The combined choirs of the Congressional Chorus deliver in the 32nd season finale concert. (Robert Roberts/The Washington Informer)
The combined choirs of the Congressional Chorus deliver in the 32nd season finale concert. (Robert Roberts/The Washington Informer)

From the very first downbeat of an overture which provided a beautifully arranged version of the African-American spiritual “Wade in the Water” to a resounding finale selection, “Justice,” which featured the full chorus and the NorthEast Senior Singers, D.C.’s own Congressional Chorus used every opportunity to illustrate why they remain one of the best community-based vocal ensembles in the greater Washington area.

The theme of their 32nd Season Finale Concert, “Let Justice Roll,” served as a somber, yet stark reminder of the centennial of the “Red Summer of 1919” — a summer 100 years ago during which numerous deadly racial conflicts and lynchings occurred in more than 30 U.S. cities including the District. As the heat of the season rose, attacks continued with hundreds of people, mostly Black, being killed and thousands of Black-owned businesses and homes being burned or destroyed.

David Simmons, artistic director for the Congressional Chorus, says he chose the theme and the selections as a means of “our continuing commitment to shine a light on issues of social justice through our performance of outstanding American choral works.”

The program served as the opening concert for the Chorus’s upcoming five-day Civil Rights Concert Tour in Alabama and Georgia slated for July in collaboration with the Grace Chorale from Brooklyn. The combined choruses will perform at several historic civil rights sites in Selma, Montgomery, Birmingham and Atlanta including the National Memorial for Peace and Justice which honors the more than 4,000 African Americans lynched in the U.S.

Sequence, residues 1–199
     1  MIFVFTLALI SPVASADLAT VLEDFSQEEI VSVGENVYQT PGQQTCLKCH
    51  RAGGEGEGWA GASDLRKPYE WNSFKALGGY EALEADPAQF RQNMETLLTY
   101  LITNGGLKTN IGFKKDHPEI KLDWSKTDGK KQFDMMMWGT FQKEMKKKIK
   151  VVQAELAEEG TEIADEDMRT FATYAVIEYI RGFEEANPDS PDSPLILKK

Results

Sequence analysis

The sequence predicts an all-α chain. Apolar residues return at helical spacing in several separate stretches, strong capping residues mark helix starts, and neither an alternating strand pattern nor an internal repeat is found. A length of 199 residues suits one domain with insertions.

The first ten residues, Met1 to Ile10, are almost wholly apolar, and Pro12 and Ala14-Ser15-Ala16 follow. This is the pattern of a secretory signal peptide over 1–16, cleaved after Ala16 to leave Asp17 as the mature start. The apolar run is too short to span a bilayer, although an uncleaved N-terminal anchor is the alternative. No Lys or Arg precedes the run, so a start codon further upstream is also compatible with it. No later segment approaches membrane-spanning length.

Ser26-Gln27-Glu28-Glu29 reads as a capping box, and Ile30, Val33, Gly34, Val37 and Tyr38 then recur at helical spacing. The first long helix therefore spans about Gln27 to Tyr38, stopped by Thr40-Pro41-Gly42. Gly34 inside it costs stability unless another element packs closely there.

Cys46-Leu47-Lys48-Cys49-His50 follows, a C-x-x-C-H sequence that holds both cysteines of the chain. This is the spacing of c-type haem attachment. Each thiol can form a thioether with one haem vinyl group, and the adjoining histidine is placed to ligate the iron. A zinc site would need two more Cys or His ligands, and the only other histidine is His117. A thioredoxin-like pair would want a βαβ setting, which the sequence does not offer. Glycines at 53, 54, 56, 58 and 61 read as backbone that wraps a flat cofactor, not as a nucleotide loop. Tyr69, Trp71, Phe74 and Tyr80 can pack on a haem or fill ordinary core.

Soloist Rhea Walker leads the choir. (Robert Roberts/The Washington Informer)

The centerpiece of the evening, “And They Lynched Him on a Tree,” brought further attention to the horrors of lynching in the choral ballad composed by the Black musician William Grant Still. The lyrics and the haunting melodies, sung with great aplomb and care evoked an eerie sense of déjà vu for this writer — as if I were experiencing the pain of the mother featured in the song whose son falls victim to a lynch mob.

As a testament of the obvious hard work that the choirs and musicians put into preparing for this concert, when closing my eyes, I could not tell if the singers were Black or white. In fact, the only thing that remained clear for me were the soaring notes, the hushed tones, the crescendos and decrescendos that pulled this writer and the rest of the audience along with the choir as they shared their comprehensive prayer for justice and the day when America’s reality replaces its rhetoric.

D.C. native Lavinia Thornton Odejimi, 68, now living in Annandale, says it was her first time hearing the Congressional Chorus and as she left National City Christian Church, she felt “emotional beyond words and more elated than I’ve been in a very long time.”

“This was the music that my mother [Mabel W. Thornton] just loved. She just died recently and I wish that she could have been here with me to hear this choir. She would have been so thrilled,” Odejimi said, adding that prior to her mother’s death, she formed a small group for reflection and education in Springfield at her residence, the Green Spring Village, that combined Blacks and whites together in conversation. The group would be named “Black History, White History, Shared History” and continues to gather since its founding seven years ago and has since grown to more than 70 members.

WI editor D. Kevin McNeir, ecstatic after the concert.
(Robert Roberts/The Washington Informer)

My personal favorite from the performance was the traditional freedom song that became the unofficial theme song of the civil rights movement, “We Shall Overcome.” This arrangement by Tom Trenney, performed by the chamber ensemble and full chorus, is one that I’ve never heard or sung before. What surprised me is that while I’ve heard this song hundreds of times, I cannot recall any time previous when I found myself unable to complete the final verses because of being overcome by emotion. It was a moment that confirmed for me the stellar quality of the Congressional Chorus.

The Chorus now turns its focus to a summer fundraising event, “Songs That Connect Us,” on June 13, 6-8 p.m. at City Winery. The funds will assist the group as they continue their commitment to their powerful musical ministry. (Tickets can be purchased at under “Songs That Connect Us.”)

Well done Chorus! Well done David Simmons! Well done, indeed!

Find out more about the Chorus at

D. Kevin McNeir – Senior Editor

Dominic Kevin McNeir is an award-winning journalist with more than 25 years of service for the Black Press (NNPA). Prior to moving East to assist his aging parents in their struggles with Alzheimer’s,...

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